I’ve previously posted in blog, and written in my books, about how I use the concept of “gratitude” with students. With Thanksgiving coming up tomorrow, I thought I’d bring those resources together in a short “The Best…” list to make them more easily accessible.
You might also be interested in My Best Posts On Why It’s Important To Be Positive In Class.
Here my choices for The Best Resources On “Gratitude”:
I’ve written three posts on the subject:
A Serving of Gratitude May Save the Day was just published by John Tierney in The New York Times. It provides a good overview of recent research, along with recommendations.
Why Your Negative Outlook is Killing Your Career is a very useful article reviewing research on the issue, and how showing more “gratitude” can impact a person’s life.
The Neuroscience of Why Gratitude Makes Us Healthier is another useful review of research.
The Benefits of Thanks comes from Scientific American, and gives a brief overview of gratitude research.
What Are You Grateful For? is from The New York Times Learning Network.
You could end a lesson on gratitude with video (I’d suggest beginning at the 4:20 mark). Thanks to Nancy Flanagan for the suggestion.
Why you should give thanks Thursday—and always is a review of recent research on gratitude, and appeared in Scientific American.
After the Turkey, How to Cultivate Gratitude in Kids is from TIME.
Fostering A Culture Of Gratitude comes from The Harvard Business Review.
How to Teach Kids to Be Grateful: Give Them Less is from The Atlantic.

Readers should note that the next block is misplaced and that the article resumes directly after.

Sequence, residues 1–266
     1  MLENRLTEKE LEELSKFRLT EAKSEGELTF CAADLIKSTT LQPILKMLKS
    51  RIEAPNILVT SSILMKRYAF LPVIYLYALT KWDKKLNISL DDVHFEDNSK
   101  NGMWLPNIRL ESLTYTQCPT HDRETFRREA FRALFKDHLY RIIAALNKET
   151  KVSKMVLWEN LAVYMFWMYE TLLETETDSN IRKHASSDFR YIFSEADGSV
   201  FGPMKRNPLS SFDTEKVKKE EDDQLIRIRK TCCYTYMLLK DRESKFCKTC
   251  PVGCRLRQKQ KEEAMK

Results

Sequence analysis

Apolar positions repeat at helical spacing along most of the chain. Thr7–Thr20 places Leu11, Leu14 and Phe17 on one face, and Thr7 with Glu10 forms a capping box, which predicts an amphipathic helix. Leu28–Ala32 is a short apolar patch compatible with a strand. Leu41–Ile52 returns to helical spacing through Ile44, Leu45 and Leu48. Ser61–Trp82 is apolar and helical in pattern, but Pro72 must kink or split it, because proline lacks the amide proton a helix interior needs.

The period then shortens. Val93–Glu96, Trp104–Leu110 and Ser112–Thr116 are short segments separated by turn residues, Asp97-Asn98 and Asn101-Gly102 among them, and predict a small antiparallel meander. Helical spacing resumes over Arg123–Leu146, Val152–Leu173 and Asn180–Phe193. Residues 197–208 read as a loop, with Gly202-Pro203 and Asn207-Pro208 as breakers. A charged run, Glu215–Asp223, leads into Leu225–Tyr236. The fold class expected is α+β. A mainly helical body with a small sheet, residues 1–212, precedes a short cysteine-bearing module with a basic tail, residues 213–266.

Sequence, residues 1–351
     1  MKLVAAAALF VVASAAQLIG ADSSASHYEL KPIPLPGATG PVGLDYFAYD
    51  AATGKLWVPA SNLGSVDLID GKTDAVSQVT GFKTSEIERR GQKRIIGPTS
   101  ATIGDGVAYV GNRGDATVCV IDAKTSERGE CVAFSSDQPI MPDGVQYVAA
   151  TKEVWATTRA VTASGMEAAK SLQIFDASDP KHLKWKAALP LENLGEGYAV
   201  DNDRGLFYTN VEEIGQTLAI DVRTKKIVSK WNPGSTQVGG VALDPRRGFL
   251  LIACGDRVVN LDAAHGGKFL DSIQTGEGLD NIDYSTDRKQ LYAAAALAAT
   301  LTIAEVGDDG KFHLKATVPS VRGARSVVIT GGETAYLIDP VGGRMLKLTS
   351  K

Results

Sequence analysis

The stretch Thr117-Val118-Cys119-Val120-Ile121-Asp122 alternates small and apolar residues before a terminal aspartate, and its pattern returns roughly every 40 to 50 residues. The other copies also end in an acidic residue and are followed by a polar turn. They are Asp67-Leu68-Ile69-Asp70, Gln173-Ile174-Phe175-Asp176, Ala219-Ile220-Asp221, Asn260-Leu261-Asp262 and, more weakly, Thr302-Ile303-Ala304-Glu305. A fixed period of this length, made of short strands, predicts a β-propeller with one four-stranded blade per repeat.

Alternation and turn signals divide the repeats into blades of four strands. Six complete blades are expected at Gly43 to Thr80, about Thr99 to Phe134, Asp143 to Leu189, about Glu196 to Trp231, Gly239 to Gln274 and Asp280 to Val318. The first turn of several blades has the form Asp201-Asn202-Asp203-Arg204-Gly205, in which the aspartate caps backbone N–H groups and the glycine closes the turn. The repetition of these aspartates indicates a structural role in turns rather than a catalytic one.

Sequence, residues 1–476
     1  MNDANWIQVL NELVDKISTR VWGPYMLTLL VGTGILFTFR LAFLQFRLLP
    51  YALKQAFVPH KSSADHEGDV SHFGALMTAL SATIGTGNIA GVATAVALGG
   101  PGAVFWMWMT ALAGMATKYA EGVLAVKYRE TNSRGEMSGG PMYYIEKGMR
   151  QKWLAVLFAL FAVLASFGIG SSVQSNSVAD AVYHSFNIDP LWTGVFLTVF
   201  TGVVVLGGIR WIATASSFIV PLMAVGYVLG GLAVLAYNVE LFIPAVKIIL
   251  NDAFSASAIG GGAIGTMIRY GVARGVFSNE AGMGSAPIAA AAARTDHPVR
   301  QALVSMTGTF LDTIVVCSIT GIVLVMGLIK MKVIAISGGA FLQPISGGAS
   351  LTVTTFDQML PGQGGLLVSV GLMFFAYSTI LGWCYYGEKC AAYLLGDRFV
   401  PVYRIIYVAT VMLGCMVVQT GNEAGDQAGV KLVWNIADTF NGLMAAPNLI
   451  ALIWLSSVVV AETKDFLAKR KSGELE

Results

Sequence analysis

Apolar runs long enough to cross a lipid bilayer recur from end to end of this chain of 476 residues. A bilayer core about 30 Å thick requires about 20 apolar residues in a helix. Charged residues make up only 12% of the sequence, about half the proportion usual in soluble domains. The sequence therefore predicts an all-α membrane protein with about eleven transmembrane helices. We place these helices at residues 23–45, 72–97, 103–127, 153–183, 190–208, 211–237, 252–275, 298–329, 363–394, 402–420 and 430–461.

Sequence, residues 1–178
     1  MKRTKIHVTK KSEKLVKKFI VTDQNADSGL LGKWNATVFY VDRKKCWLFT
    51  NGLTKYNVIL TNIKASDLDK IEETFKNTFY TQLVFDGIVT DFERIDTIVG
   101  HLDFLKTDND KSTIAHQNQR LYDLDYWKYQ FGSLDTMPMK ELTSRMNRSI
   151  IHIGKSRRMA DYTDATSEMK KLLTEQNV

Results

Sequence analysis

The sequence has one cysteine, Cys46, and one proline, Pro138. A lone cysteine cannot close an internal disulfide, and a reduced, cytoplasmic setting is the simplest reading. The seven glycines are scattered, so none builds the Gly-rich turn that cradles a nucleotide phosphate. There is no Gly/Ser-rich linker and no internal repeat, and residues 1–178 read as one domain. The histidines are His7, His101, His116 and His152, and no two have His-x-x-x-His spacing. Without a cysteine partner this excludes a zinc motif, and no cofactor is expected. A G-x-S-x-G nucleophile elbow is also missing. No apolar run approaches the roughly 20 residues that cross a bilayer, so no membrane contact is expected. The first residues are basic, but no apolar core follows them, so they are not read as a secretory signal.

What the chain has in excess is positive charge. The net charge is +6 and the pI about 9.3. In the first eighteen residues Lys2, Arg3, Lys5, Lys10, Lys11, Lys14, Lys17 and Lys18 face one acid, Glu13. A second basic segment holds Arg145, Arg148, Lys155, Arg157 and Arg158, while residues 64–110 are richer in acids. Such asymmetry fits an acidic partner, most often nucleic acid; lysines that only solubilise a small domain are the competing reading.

The Science of Gratitude is from Nautilus.
Raising Children With an Attitude of Gratitude is from The Wall Street Journal.
Gratitude: a free downloadable lesson is from ELT Resourceful.
Here’s a useful TED-Ed lesson and video on gratitude:
What happens in your brain when you experience gratitude? is from Scientific American.
The Surprising Benefits of Gratitude comes from Fast Company.
Gratitude opens the door to self-control. is from Character Lab.
Study shows keeping gratitude journal reduces gossip, incivility in workplace is from Eureka Alert.
The Psychology of Giving Thanks is from Scientific American.
Learn How to Appreciate What You Already Have is from The Via Institute on Character.
Count your blessings: Short gratitude intervention can increase academic motivation is from Science Daily.
How to Start Practicing Gratitude in the Classroom is from Learners Edge.
Be thankful: Science says gratitude is good for your health is from Today.
Research: More Powerful People Express Less Gratitude is from The Harvard Business Review.
A Quick Gratitude Trick That Builds Lasting Motivation is from PsyBlog.
3 Gratitude Practices That Don’t Involve Journaling is from Edutopia.
Gratitude Practices at School That Work (and Why Some Don’t) is from Ed Week.
Promoting Gratitude in Your Classroom is from Edutopia.
Gratitude Really is Good for You. Here’s What the Science Shows. is from The NY Times.
The homework assignment my students are doing this week: Write a gratitude letter to someone you haven’t properly thanked.
For instance, here’s the actor Timothée Chalamet thanking his favorite high school teacher (while he’s still in high school)…https://t.co/MQEhdtJKaE
— Angela Duckworth (@angeladuckw) November 2, 2023
Why a Gratitude Journal for Students Is a Good Idea is from Ed Week.
Feedback is welcome!